Thursday, November 24, 2016

Thanksgiving Preview of Student 3

I love Thanksgiving, so I'm celebrating with a preview. It's upside down, but I can't show what it's really going to look like yet.

HAPPY THANKSGIVING!!!

Wednesday, November 23, 2016

Painting of Student 2


Here is the finished painting.
Medium: Acrylic paint on canvas paper
Title: Devin
Date: June, 2016

Process for Student 2 Painting



He's not especially happy that I picked pinks and purples for his skin tone, but I like to use arbitrary colors in my paintings.

Tuesday, November 22, 2016

Process for Student 1 Painting






Painting of Student 1

I did my students' assignment with them last year. This student was not in my class, but he asked me to paint him.
Medium: Acrylic paint on canvas paper
Title: David
Date: May, 2016

Monday, November 21, 2016

Digital Self-Portrait

I have done this type of artwork a couple of other times for Illustration Friday topics. (Oct. 29, 2008March 21, 2008, and March 31, 2008)  
I decided to resurrect this assignment for my students, and therefore practice it myself. I think I need to add some shading underneath my body yet, so maybe I'll be fixing it and reposting later.

Thursday, April 07, 2016

Marc Chagall Video

This is one of the requested videos from my presentation in Chicago. Enjoy.

video


Tuesday, March 29, 2016

Sample Stop-Motion Animation Unit Plan

Stop Motion Animation UNIT LESSON PLAN
TEACHER: S. Wieringa
TIME: 48 minute class periods
DATE: ½ Weeks
SUBJECT:ART/Video/
Technology

Stop Motion Animation
STANDARDS

New York State Visual Art Standards: 1 and 2


National Visual Art Standards: 
Creating: 1, 2, 3
Presenting/Producing: 5, 6
Responding: 9




Common Core Writing Standards:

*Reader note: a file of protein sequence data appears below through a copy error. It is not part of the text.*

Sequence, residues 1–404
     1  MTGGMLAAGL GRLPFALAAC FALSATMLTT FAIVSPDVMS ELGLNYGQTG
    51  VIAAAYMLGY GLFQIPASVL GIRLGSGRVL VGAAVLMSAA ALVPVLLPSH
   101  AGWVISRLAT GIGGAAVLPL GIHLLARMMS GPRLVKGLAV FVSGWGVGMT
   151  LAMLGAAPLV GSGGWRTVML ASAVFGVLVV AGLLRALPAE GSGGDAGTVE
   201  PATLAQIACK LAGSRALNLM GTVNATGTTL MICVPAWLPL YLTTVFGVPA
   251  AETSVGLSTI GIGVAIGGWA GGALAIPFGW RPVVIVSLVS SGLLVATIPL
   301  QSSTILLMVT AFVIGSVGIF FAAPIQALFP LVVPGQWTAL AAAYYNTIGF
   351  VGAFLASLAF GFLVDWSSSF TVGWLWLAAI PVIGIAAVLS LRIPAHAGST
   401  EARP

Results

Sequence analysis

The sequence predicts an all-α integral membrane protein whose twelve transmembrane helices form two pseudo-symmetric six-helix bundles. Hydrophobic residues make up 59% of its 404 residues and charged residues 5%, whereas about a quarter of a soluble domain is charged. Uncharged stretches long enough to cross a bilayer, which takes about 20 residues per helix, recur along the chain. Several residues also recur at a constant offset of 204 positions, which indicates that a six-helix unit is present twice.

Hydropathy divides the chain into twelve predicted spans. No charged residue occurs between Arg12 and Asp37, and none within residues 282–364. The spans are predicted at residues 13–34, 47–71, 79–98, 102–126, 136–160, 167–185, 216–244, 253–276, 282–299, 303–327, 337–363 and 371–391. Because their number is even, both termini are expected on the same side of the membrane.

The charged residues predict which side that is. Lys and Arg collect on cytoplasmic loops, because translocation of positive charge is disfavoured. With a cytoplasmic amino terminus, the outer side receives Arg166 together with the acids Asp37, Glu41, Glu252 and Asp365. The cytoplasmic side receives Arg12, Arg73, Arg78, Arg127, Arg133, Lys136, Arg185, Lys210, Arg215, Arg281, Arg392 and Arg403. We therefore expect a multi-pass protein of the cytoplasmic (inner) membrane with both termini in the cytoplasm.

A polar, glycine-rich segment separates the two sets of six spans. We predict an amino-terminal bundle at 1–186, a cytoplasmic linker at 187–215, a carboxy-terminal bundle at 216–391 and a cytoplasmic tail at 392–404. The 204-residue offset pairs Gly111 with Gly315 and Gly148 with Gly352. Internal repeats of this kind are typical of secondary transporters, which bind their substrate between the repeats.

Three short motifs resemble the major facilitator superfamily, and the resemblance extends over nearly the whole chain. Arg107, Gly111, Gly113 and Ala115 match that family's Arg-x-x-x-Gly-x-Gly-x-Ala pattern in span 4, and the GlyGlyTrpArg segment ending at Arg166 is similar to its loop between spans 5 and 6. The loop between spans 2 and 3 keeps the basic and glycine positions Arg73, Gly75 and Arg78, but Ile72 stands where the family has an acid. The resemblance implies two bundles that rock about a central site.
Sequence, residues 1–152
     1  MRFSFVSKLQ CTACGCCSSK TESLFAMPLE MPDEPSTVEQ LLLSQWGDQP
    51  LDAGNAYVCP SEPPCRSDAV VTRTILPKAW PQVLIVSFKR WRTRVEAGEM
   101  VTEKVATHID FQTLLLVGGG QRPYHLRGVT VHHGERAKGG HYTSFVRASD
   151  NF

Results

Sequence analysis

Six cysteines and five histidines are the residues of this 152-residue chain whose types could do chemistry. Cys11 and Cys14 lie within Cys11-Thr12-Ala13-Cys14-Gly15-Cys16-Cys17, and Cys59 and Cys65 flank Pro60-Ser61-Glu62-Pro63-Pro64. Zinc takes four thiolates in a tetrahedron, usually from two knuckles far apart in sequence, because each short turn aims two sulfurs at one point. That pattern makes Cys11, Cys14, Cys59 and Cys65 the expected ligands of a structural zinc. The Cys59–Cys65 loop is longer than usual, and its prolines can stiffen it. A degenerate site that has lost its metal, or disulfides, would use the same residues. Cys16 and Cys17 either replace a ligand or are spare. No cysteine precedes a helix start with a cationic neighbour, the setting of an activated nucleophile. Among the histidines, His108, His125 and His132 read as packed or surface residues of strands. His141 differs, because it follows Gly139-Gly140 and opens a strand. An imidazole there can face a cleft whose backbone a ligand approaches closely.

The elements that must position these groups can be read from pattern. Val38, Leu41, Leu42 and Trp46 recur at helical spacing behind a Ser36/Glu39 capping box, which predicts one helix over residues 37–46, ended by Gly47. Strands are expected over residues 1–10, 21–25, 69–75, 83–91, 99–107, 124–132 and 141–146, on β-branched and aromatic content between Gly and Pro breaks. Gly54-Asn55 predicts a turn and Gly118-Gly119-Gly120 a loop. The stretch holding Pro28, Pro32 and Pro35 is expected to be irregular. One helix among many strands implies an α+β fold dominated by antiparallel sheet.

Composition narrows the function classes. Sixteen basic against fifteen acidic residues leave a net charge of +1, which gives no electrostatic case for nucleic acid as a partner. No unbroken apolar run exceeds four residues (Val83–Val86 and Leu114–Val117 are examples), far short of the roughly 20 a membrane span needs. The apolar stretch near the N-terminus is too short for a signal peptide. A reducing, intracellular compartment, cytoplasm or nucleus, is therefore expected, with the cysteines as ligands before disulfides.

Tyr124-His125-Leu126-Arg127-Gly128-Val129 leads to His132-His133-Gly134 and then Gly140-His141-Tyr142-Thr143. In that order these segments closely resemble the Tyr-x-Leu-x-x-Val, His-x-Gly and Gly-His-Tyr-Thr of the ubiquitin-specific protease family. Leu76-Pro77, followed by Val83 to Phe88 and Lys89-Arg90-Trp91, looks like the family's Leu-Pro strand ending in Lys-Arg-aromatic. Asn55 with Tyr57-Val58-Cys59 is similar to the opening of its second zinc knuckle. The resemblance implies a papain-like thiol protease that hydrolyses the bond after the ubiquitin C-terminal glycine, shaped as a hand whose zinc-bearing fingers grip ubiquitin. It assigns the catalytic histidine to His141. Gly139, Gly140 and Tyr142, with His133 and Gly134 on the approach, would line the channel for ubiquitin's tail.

W3—Write narratives or real or imagined experiences
W4—Produce clear and coherent writing
W5—Plan, revise, rewrite, and edit writing
W6—Use technology to produce and publish writing

OBJECTIVE

SWBAT: create a narrative using a series of still images (photographs)

SWBAT: imply the direction and speed of movement by taking still photographs of objects after moving them a little or a lot

SWBAT: create a coherent sequence of actions by placing images in order in video-editing software

TOOLS/Materials
• Point and Shoot cameras, DSLR cameras, or cell phone cameras (one for each person if doing individual student videos, or one for each group if collaborative work is happening)
• Tri-pods/stands/selfie-sticks (one for each group/camera/phone)
• Various art supplies for setting/background (large paper, cardboard, fabric, posters, photos etc.)
• Toys, inanimate objects, stuffed animals, action figures, etc. for characters in the narrative
• Computers with video editing software (Windows Moviemaker, iMovie, WeVideo, Adobe Premiere or the like)
PROCEDURES
Day 1: Introduction to Narrative and storytelling: Class discussion and teacher directed notes about the elements of narratives: Setting, characters, hook, plot, rising action, climax, resolution. Watching a couple of animated shorts on YouTube to see the storytelling elements in action—quick class discussion after each.
Day 2: Introduction to techniques: Watching “How-To” videos about creating various kinds of stop-motion animation. Teacher directed instruction about options of materialsand supplies to use for setting, characters, props.
Day 3: Planning day: This is the day to divide students into groups if the videos are going to be collaborative. Student brainstorming, mind-mapping, sketching around themes, images, sequence, and characters involved in the story/action. Write narrative. Exit Ticket: Group proposal with choices they have made for video and outline.
Day 4: Homework due (optional see below) Planning/Set Up: Students will finish planning the story and sequences. Students will set-up or create a backdrop or setting for their scenes. Students can start taking photographs if they are ready. 
Day 5: Work dayStudents will begin class by setting up their scene and their cameras on their tripod. Students will take a photograph move their character, take another photograph, and keep going until there are a sequence of photographs that imply linear/chronological movement. 
Day 6: Progress sharing around the circleStudent groups will share their themes, story arcs, and progress so far. Class mates will ask clarifying questions and give feedback in terms of strengths and challenges—With any extra time in class student groups can continue taking photos
Day 7: Work day: Students will begin class by setting up their scene and their cameras on their tripod. Students will take a photograph move their character, take another photograph, and keep going until there are a sequence of photographs that imply linear/chronological movement.